And luckily, I was in the room and said, ‘Whoa, time out you got the wrong guy in the room to kind of blow by that.’
And we stopped and talked about it and we made some changes to her medications. We got a different referral to a specialist, and we're able to keep her where she was in her kidney disease.
So, had we not by now, you know, four or five years later, she may have been on dialysis herself. So, it's really that GP, the general practitioner, family practitioner, making that referral to the specialist. I think it's actually even more important.
MD Mag: Is there any segment of the population, whether it is age, race, or sex that is overlooked or disproportionately harmed by some of these diseases?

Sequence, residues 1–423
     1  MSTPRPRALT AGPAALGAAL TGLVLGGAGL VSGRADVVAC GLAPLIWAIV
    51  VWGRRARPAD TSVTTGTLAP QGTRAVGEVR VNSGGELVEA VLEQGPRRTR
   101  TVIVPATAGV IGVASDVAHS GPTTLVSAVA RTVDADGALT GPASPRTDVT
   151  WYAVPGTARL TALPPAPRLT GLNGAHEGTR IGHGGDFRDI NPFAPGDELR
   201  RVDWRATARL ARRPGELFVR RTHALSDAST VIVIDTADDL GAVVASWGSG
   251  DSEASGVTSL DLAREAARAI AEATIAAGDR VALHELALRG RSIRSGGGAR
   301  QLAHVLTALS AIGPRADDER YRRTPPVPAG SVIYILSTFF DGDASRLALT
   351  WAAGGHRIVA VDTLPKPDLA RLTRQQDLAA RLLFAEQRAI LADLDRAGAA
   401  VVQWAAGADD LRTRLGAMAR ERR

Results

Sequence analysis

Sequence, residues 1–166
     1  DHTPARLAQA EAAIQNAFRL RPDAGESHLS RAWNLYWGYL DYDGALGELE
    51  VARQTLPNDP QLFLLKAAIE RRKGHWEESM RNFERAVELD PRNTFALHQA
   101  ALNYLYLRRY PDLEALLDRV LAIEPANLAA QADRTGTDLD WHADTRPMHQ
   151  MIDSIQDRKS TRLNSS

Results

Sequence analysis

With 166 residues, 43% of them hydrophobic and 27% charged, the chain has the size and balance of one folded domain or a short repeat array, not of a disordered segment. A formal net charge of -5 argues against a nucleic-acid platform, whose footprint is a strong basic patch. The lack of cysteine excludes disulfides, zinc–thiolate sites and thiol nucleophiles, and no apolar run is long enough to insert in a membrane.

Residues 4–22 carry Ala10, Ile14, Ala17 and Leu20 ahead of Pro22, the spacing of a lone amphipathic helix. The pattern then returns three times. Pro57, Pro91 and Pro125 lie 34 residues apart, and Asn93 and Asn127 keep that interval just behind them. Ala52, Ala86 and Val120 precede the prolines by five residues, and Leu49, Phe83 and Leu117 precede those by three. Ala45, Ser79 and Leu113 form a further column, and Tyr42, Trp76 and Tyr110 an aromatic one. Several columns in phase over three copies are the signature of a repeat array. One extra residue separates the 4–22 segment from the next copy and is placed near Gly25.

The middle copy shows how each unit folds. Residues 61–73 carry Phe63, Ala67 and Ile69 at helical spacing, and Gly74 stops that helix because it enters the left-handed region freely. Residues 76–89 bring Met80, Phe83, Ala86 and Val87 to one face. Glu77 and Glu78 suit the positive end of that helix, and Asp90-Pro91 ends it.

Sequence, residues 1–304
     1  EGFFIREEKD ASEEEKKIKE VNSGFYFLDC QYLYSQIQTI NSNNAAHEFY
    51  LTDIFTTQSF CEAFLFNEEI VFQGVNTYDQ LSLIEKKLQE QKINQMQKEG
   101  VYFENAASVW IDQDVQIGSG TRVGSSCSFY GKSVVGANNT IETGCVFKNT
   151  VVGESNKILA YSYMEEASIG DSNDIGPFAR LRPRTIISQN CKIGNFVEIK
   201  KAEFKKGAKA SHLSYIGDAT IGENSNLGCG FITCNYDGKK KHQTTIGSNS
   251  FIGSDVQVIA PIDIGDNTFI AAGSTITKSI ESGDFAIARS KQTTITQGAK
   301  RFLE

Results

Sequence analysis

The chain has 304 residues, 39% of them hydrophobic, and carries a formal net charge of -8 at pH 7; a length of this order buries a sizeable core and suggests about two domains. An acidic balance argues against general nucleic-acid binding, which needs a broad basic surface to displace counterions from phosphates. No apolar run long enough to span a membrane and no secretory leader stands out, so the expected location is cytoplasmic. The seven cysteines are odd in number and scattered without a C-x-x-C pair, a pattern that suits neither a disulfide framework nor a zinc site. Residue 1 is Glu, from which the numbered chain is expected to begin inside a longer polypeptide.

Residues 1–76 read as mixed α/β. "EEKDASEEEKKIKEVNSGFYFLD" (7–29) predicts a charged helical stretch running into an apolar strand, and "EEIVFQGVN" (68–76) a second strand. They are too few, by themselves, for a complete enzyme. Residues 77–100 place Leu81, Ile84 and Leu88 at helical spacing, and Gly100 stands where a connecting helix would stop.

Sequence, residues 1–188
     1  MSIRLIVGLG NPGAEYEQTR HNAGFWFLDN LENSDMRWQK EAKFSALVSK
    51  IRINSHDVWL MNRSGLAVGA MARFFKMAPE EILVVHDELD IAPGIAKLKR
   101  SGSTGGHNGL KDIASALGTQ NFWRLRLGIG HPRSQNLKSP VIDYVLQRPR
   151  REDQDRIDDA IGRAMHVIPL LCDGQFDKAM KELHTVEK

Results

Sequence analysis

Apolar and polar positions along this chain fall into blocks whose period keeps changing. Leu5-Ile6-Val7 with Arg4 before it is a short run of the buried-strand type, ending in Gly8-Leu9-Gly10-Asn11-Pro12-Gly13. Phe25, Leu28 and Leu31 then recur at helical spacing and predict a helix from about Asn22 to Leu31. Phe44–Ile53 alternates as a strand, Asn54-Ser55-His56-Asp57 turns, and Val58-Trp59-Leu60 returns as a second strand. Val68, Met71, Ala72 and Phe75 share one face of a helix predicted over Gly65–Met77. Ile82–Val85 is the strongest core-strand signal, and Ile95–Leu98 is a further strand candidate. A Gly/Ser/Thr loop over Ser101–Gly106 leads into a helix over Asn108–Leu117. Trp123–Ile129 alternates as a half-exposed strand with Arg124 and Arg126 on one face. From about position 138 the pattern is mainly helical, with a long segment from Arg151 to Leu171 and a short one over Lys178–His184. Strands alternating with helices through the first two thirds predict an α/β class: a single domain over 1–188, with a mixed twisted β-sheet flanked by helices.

Spigler: Yeah, so for chronic kidney disease, the people that are mostly harmed by it are minority populations. Primarily African Americans, who are the most at risk for kidney disease.
Hispanics, Latin Americans, Asian Americans, anyone over the age of 60 has higher risk for kidney disease as well, those with heart disease. All of those things play a role in it.
And just from a comorbidity standpoint, other disease state standpoint, those with diabetes and high blood pressure, a much higher risk for kidney failure as well, especially the diabetics. You look at a typical dialysis center, almost half of those in there are there because of diabetes, uncontrolled diabetes that have caused their kidney disease and kidney failure.
MD Mag: Ok, on a more positive note, what has you excited that some of the outcomes are going to start improving?
Spigler: Well, there's a lot of innovation in the space. So, I've been coming to kidney week, I guess this is my 10th one now.